AstraZeneca announced Thursday an agreement to acquire Bristol-Myers Squibb's stake in the companies' diabetes joint venture for potentially as much as $4.3 billion, including an initial payment of $2.7 billion. The deal also includes up to $1.4 billion in regulatory, launch and sales-related payments to Bristol-Myers Squibb, as well as various sales-related royalty payments until 2025 and payments up to $225 million on the transfer of certain assets.
Pascal Soriot, CEO of AstraZeneca, said "together with Bristol-Myers Squibb we concluded that consolidating ownership of the diabetes portfolio would benefit both companies and allow us to better serve the needs of diabetic patients." He added that the deal "reinforces AstraZeneca’s long-term commitment to diabetes, a core strategic area for us and an important platform for returning...to growth." Soriot noted that while the joint venture is currently losing money, there is "substantial potential" in emerging markets for the products and the franchise should be profitable by 2017.
The purchase will give AstraZeneca global rights to diabetes therapies including Onglyza (saxagliptin), Kombiglyze XR (saxagliptin/metformin), Komboglyze (saxagliptin/metformin), Forxiga (dapagliflozin), Byetta (exenatide) and Bydureon (exenatide extended-release). AstraZeneca noted that it will record an impairment charge of approximately $1.7 billion in 2013 related to Bydureon, which the companies gained through an expansion of the diabetes alliance in 2012 following Bristol-Myers Squibb's $5.3-billion acquisition of Amylin Pharmaceuticals. The UK drugmaker indicated that the product "has delivered sales performance below...commercial expectations," although it added that it "continues to have confidence in [its] commercial future."
Commenting on the transaction, Panmure Gordon analyst Savvas Neophytou said "to us this looks a sensible deal," adding "even with a staged earn-out which could rise to $1.6 billion, the price would appear to be good business particularly as it also includes full rights to Onglyza and dapagliflozin." The latter drug was approved in Europe in 2012 for the treatment of type 2 diabetes, although the companies recently pulled the SGLT2 inhibitor from the German market over a pricing dispute with the country's authorities. An FDA advisory panel recommended approval of Forxiga earlier this month, with the agency scheduled to make a final decision by January 11, 2014.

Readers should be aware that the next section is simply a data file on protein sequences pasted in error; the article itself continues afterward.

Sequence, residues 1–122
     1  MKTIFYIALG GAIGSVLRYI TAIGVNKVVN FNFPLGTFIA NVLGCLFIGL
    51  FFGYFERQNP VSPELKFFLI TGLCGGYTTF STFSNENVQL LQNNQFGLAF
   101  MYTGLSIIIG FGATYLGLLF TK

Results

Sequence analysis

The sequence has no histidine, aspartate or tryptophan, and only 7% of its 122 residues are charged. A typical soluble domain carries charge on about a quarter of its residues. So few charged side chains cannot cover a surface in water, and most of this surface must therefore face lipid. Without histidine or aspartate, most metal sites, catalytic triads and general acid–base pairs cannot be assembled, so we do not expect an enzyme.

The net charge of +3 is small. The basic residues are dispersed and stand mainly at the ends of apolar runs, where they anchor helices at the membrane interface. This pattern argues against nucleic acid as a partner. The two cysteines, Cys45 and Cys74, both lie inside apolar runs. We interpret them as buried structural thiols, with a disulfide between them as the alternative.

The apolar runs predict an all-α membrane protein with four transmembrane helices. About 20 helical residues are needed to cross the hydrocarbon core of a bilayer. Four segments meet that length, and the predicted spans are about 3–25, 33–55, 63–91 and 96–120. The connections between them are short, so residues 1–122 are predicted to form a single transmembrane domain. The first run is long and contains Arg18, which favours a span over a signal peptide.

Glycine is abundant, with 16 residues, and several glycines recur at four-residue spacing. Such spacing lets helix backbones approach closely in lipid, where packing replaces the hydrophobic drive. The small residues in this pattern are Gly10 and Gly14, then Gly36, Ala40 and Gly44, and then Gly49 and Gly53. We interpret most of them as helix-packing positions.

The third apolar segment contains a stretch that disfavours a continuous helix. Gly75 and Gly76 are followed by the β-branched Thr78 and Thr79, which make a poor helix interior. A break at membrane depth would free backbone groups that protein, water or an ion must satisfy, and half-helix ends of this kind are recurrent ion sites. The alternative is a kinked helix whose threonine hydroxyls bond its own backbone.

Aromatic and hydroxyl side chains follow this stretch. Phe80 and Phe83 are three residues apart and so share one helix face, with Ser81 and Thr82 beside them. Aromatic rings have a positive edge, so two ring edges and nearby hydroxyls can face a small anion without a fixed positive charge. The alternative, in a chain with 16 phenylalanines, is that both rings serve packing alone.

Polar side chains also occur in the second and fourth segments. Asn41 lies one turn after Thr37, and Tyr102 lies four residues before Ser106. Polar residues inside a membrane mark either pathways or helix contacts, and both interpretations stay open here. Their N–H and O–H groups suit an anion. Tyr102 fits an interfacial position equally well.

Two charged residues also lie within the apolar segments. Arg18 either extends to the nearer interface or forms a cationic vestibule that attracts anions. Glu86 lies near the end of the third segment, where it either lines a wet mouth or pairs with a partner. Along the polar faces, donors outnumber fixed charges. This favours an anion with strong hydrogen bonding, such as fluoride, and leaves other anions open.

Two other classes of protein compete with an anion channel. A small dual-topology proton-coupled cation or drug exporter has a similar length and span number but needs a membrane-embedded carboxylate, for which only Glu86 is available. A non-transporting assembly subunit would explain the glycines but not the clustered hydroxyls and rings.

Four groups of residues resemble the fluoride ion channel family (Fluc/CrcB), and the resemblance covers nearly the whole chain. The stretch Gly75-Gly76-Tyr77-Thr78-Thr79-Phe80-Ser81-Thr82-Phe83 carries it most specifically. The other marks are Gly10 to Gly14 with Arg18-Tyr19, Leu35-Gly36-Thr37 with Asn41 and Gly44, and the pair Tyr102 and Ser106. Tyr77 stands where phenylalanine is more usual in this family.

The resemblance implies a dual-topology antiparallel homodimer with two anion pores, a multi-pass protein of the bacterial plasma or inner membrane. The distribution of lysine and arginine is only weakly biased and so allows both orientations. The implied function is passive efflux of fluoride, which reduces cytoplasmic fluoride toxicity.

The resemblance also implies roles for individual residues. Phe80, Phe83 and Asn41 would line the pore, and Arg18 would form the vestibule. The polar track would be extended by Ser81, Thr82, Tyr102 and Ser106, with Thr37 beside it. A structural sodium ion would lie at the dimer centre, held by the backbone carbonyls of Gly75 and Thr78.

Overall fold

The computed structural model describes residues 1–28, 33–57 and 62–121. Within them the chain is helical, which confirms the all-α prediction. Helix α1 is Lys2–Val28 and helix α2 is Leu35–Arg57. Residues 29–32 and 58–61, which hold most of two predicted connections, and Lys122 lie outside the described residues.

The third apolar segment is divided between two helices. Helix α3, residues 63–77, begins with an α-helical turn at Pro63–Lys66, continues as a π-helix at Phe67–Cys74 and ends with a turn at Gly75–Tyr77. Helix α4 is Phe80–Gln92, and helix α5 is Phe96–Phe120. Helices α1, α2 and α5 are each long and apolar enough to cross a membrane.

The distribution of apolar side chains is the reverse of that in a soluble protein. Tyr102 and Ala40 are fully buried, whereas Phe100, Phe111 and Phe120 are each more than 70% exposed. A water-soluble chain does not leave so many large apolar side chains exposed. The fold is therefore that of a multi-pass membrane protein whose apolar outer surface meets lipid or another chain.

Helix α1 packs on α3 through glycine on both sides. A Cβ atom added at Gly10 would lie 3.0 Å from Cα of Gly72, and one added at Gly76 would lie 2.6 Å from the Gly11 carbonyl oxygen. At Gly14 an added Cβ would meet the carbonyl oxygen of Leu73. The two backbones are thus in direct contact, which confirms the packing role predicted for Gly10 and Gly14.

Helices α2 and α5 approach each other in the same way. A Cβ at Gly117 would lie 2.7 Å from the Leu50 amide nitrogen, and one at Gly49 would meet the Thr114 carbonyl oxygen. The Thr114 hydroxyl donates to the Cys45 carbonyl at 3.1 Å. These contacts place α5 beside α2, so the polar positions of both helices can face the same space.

AstraZeneca indicated that the deal, which has been approved by Bristol-Myers Squibb's board, is expected to close during the first quarter of 2014. The UK drugmaker noted that approximately 4100 Bristol-Myers Squibb employees dedicated to the diabetes business, including those at Amylin, will eventually transition to the company. AstraZeneca added that the deal will be neutral to earnings next year.
In November, Bristol-Myers Squibb revealed that it was halting drug discovery in diabetes, leading to speculation that the drugmaker planned to exit the collaboration with AstraZeneca. Citi analyst Andrew Baum later suggested that AstraZeneca could be interested in acquiring the stake.
"This agreement will allow us to further evolve our business model as a leading specialty BioPharma company and increase resources behind the opportunities that drive the greatest long-term value for patients, our company and our shareholders," remarked Bristol-Myers Squibb CEO Lamberto Andreotti. The executive confirmed that the funds from the sale will be used for acquisitions, although he said the drugmaker is "not going to re-enter into primary care." International Strategy & Investment Group analyst Mark Schoenebaum commented that "the deal makes a lot of strategic sense" for Bristol-Myers Squibb, as it "is becoming more of a biotech company." Meanwhile, Sanford C. Bernstein analyst Timothy Anderson speculated that Bristol-Myers Squibb may be raising money through the sale for a larger acquisition.
Bristol-Myers Squibb noted that the agreement includes the sale of the former Amylin manufacturing facility in West Chester, Ohio, and covers the purchase by AstraZeneca of a production plant in Mt. Vernon, Indiana approximately 18 months following the closing of the transaction. The drugmaker said it expects to receive $3.4 billion from AstraZeneca in the first quarter of 2014, which includes $700 million assuming regulatory approvals of Forxiga. Bristol-Myers Squibb added that for 2014, it predicts earnings in the range of $1.65 per share to $1.80 per share, with analysts expecting earnings of $1.93 per share.
For further analysis, see ViewPoints: AstraZeneca acquires Bristol-Myers Squibb diabetes JV – three key conclusions.
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